“Ensuring that individuals from all communities and neighborhoods have access to needed health resources is one of the reasons that we partner with companies like Baxter,” said Thomas Tighe, president and CEO, Direct Relief. “We’re excited to build on our collaboration with Baxter for the Transformative Innovation Awards and highlight the efforts of local providers who are bringing access to care for patients and communities.”

The health centers and charitable clinics selected for the first year will use the awards to expand nutrition education and diabetes prevention programs in communities located on the west and southwest sides of Chicago and Crystal Lake, Ill. According to the Illinois Department of Public Health, there are an estimated 1.3 million people in Illinois living with diabetes, and another 3.6 million are prediabetic.

“We’re honored to expand our work with Direct Relief to bring needed resources to health centers that are working tirelessly to improve care for patients living with diabetes in under-resourced areas,” said Verónica Arroyave, executive director of the Baxter International Foundation.

Nearly $200,000 was awarded to the following organizations for the Transformative Innovation Awards in 2019:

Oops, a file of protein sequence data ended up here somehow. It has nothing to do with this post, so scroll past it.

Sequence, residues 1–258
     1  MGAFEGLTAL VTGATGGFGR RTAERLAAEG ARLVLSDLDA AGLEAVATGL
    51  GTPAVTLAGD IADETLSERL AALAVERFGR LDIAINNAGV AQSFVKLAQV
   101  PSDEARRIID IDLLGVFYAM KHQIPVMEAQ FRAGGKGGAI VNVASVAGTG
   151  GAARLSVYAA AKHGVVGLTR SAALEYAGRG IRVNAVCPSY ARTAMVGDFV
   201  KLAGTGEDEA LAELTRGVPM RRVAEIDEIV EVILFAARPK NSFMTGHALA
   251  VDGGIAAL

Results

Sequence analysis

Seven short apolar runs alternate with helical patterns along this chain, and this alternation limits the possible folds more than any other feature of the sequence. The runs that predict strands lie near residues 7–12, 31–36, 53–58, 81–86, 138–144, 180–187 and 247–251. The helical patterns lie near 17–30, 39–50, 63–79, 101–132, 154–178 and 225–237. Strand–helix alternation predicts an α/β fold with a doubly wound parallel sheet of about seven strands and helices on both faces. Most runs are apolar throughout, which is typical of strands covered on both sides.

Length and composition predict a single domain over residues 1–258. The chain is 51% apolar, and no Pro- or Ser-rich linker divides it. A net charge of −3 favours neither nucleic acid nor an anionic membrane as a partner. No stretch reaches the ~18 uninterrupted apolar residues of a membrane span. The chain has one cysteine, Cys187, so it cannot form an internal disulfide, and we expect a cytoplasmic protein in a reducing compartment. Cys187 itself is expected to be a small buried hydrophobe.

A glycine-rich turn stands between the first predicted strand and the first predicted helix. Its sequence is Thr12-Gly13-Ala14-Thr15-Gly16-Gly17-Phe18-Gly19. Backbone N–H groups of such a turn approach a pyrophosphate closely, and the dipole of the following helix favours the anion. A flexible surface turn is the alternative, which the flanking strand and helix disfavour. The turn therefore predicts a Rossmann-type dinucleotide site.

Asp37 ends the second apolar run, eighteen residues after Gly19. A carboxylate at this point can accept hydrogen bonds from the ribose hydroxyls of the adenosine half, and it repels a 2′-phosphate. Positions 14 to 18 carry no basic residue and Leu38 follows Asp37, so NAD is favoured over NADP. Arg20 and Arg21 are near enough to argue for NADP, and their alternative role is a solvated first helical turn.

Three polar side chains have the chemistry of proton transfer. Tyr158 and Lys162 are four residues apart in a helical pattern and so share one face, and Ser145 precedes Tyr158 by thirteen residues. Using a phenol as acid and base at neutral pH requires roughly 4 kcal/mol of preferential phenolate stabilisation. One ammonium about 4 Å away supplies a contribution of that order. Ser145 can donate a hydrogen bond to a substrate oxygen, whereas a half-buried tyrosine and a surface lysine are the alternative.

• CommunityHealth: With 12% of its patients being diabetic and another 6% prediabetic, CommunityHealth recognizes the importance of tackling diabetes through treatment, education and nutrition. With the award, CommunityHealth will more than double the size of its six-week nutrition program and workshops where patients learn how to cook and prep their own healthy meals.
  • Erie Family Health Center Inc: As part of its Diabetes Prevention and Management (DPM) initiative, Erie will use the award to start four new lifestyle change groups based on the Centers for Disease Control’s evidence-based National Diabetes Prevention Program for adults with prediabetes and those with high risk factors. Lifestyle change groups deliver an intensive, structured educational program that focuses on patient behavior modification to support healthy eating, increased physical activity, and stress management. Additionally, funding will be used to expand one-on-one health education for diabetic adults.
  • Esperanza Health Centers: Esperanza’s nurse-led insulin titration program helps address the social and economic barriers that impact the health of its primarily Latino patients living with diabetes. The award will be used to expand the program that pairs a patient with a registered nurse who maintains weekly check-ins to provide ongoing, patient-centered nutrition education and counseling to address behavioral, cultural, and systemic barriers to healthy eating.
  • Family Health Partnership Clinic: Family Health Partnership Clinic will use the award to implement a ‘Health Coaching Program’ developed by the University of California, San Francisco’s Center for Excellence in Primary Care, dedicating a nurse and health coach to improve health literacy and access to healthy foods, promote lifestyle and behavioral changes and increase patients’ awareness of their glucose levels. Those enrolled in this program will have their charts reviewed regularly by the clinic’s medical director, a specialist in diabetes management.

Giving is Good Medicine

You don't have to donate. That's why it's so extraordinary if you do.